As more individuals are diagnosed with cancer each year, it is becoming increasingly obvious that cancer treatment may impact cognitive function in a subgroup of vulnerable individuals. Age is considered a well-established risk factor for cognitive decline, and researchers have speculated that a cancer diagnosis and its treatment may render older cancer survivors more vulnerable to these age-associated cognitive declines than their healthy counterparts. In other words, age-associated cognitive declines may be accelerated in the older cancer survivor. This article discusses the distinct contributions occupational therapy practitioners can offer to clients with cognitive dysfunction associated with cancer and cancer-related treatment. Occupational therapists may, through comprehensive evaluation and treatment, facilitate a safe transition to pre-illness levels of function, responsibilities, and roles, or improve cognitive and functional capacity for clients with cancer-related cognitive dysfunction.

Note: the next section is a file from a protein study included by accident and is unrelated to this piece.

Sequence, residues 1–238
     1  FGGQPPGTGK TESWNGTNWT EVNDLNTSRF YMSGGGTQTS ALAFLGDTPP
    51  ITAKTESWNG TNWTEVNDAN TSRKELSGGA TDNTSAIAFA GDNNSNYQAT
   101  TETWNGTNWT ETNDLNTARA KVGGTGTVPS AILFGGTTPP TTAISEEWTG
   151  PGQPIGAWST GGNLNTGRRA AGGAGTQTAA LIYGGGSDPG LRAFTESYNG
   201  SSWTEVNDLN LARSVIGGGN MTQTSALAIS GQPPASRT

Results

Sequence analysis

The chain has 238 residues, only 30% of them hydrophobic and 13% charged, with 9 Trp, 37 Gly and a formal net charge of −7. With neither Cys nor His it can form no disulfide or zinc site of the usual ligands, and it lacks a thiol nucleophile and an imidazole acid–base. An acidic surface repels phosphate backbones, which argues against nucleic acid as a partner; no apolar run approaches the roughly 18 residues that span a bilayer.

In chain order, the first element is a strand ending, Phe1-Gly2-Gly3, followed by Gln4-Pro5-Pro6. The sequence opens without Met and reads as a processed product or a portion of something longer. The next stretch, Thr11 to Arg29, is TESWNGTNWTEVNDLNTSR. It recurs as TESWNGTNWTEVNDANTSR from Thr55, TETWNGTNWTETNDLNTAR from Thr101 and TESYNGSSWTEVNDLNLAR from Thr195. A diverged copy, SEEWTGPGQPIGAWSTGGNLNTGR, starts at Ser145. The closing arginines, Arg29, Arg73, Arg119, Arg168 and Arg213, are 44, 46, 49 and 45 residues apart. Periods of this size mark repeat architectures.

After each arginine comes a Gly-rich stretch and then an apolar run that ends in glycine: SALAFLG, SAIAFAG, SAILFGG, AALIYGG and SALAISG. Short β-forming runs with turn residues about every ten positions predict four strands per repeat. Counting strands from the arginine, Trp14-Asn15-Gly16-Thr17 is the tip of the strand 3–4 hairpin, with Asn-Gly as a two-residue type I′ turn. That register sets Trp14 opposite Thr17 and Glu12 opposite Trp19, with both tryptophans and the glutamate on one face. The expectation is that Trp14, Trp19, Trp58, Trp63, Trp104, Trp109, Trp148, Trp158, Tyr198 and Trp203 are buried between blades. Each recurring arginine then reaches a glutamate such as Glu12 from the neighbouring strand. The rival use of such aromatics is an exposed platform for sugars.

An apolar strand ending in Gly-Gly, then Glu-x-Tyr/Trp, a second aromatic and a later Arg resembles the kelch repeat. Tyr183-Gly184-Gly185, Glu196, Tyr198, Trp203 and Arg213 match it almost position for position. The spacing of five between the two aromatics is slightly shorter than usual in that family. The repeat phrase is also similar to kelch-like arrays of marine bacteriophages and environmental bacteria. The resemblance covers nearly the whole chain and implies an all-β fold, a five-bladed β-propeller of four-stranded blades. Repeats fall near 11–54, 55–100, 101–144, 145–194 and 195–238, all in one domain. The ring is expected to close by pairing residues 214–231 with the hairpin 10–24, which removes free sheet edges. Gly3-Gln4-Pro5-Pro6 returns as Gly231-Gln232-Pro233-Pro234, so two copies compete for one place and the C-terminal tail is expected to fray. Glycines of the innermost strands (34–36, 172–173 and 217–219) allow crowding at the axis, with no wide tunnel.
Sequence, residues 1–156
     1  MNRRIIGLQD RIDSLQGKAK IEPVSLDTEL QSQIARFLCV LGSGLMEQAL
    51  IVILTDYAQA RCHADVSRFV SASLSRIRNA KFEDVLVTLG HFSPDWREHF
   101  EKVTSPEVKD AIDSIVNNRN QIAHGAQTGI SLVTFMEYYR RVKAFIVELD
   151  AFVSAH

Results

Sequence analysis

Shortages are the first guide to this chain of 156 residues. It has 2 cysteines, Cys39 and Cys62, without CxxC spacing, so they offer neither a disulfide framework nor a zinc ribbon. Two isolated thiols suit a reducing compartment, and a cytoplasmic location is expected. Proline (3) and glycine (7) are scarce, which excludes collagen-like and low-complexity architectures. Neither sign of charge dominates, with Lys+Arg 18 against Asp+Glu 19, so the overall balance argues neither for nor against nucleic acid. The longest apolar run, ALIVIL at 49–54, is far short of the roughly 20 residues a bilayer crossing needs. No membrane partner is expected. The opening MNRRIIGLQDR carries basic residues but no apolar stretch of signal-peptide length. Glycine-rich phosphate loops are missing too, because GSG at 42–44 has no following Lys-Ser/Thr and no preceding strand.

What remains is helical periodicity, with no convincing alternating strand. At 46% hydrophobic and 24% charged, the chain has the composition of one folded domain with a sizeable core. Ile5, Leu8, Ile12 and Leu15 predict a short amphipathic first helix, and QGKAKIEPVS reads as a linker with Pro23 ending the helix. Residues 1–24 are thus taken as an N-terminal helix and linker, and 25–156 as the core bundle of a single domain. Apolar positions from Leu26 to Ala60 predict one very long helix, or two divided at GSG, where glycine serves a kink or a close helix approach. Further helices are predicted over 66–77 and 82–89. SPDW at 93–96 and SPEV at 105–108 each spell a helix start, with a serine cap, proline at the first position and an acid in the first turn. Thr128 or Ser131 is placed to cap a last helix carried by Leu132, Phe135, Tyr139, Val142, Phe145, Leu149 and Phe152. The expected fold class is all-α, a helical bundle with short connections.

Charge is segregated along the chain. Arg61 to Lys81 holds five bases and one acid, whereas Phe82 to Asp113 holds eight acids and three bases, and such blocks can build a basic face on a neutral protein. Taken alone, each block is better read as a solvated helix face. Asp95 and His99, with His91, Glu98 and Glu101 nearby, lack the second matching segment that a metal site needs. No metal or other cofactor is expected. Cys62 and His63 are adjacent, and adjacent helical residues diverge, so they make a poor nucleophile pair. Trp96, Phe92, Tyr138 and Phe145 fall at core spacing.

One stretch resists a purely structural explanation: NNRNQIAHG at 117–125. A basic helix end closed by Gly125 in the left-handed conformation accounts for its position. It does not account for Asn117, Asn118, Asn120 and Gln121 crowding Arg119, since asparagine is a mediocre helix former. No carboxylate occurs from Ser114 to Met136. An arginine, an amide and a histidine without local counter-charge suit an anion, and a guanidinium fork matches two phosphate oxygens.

Department of Rehabilitation Services, UT MD Anderson Cancer Center, Houston, Texas (Mr Munoz); Rehabilitation Services, Memorial Sloan Kettering Cancer Center, New York, New York (Ms Campbell); and School of Occupational Therapy-Houston, Institute of Health Sciences, Texas Woman's University, Houston (Dr Bowyer).
Correspondence: Lauro A. Munoz, OTR, MOT, CHC, Department of Rehabilitation Services, UT MD Anderson Cancer Center, 1515 Holcombe Blvd, Alkek, Room G!3418, Unit 98, Houston, TX 77030 (LaMunoz@mdanderson.org).
The authors have no conflicts of interest to declare or sources of funding to report.